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Cracker Jacks as American as baseball and little prizes
By Jim Trautman

Cracker Jack, the caramel-coated popcorn and peanut treat, has been around for 120 years, but the prizes did not appear until 1912. The original business was founded in 1872 by William Brinkmeyer, a popcorn and candy manufacturer. It was then purchased by Francis William Rueckheim. He brought his brother Lewis into the business as a partner and the firm was renamed F.W. Rueckheim and Brother.

The big event that propelled the business onto success was the World’s Fair of 1893 in Chicago, better known as the Columbian Exposition. World’s Fairs were becoming known for introducing new products to the buying public; from ice cream to ice cream cones to hot dogs.

In 1893, the caramel-coated popcorn, peanut and molasses kernel product did not have a name, but the millions who attended the Columbian Exposition loved it. In fact, one of the company slogans came from a customer who said, “The more you eat, the more you want.”

In 1896, a salesman eating the product said, “That’s a Cracker Jack,” which was slang for something terrific. Another piece of the marketing strategy had fallen into place.

Another problem to be solved was how to keep the product from sticking together. It was being sold in large barrels. In 1896, H.G. Eckstein joined the firm and developed the wax-sealed package that most Cracker Jack fans have come to associate with the snack. In 1902, the company was reorganized and became Ruekheim Brothers and Eckstein. In solving the freshness problem with the wax-coated box, a large avenue of marketing was achieved.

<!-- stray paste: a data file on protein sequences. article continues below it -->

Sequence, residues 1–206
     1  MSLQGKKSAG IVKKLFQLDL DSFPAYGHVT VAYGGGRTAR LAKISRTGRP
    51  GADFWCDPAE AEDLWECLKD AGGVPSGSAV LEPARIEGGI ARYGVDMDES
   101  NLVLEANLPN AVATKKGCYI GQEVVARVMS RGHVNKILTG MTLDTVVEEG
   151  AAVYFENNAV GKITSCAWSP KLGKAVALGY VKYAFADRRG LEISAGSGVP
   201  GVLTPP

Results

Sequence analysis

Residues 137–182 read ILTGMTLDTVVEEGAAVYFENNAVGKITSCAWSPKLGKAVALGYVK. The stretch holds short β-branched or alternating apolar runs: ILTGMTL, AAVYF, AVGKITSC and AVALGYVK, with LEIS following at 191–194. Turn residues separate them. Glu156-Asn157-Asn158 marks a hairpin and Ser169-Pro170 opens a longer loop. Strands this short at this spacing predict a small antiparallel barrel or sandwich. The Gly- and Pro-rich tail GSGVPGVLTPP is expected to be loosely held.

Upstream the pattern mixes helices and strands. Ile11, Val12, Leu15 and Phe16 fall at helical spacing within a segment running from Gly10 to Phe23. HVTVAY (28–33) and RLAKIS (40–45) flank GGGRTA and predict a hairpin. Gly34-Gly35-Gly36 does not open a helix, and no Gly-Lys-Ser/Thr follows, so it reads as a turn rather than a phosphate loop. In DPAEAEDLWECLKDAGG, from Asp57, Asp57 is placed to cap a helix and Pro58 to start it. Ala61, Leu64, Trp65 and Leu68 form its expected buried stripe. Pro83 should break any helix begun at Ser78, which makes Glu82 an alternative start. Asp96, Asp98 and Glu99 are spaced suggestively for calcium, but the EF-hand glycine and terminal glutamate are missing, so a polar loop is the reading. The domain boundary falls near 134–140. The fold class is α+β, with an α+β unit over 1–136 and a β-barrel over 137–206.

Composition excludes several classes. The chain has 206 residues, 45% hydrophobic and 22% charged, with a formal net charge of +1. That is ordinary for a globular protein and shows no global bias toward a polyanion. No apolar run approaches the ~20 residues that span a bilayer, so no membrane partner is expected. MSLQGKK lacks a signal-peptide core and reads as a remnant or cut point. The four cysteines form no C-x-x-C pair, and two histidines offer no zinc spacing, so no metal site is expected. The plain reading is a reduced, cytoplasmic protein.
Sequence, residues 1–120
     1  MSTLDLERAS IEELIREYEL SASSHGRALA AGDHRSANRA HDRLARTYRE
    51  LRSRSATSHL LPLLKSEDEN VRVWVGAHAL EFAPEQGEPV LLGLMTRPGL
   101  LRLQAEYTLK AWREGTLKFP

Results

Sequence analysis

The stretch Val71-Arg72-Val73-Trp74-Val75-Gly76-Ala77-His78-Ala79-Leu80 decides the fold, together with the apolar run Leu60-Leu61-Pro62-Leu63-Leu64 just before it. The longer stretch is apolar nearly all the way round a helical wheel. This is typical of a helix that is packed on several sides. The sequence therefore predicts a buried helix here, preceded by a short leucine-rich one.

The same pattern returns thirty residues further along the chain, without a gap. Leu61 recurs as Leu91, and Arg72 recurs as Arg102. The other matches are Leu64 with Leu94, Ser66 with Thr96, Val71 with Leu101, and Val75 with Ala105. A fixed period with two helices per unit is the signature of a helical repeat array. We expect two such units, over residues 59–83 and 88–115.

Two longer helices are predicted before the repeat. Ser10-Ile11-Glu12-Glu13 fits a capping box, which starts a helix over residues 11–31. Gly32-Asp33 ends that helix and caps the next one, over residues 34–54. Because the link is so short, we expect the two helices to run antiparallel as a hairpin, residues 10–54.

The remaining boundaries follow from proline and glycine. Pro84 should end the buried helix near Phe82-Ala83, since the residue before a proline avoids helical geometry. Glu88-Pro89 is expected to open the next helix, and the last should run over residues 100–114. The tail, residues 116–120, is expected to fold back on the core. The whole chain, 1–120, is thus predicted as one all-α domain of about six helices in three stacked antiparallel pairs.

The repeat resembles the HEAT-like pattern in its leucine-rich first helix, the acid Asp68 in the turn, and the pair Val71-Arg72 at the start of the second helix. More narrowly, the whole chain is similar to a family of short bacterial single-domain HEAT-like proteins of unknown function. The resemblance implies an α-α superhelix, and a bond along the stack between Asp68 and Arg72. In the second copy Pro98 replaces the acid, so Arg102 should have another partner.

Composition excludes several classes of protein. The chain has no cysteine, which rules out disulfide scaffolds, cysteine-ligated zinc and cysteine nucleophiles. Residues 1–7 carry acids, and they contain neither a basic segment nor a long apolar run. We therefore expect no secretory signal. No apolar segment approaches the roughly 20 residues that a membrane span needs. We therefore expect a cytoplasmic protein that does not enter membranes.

In 1902, Cracker Jack was featured in the Sears catalog, which meant that even individuals without access to a large city grocery store could order the product, and receive it fresh. The arrangement worked due to the fact that both Sears and Cracker Jack were located in Chicago. The product went straight from the plant to the Sears warehouse and distribution center.

In 1908, another piece fell into place through its connection to the song Take Me Out To The Ball Game, which is still heard at most American baseball parks.

Take me out to the ball game,

take me out with the crowd,

buy me some peanuts and Cracker Jacks.

I don’t care if we ever get back.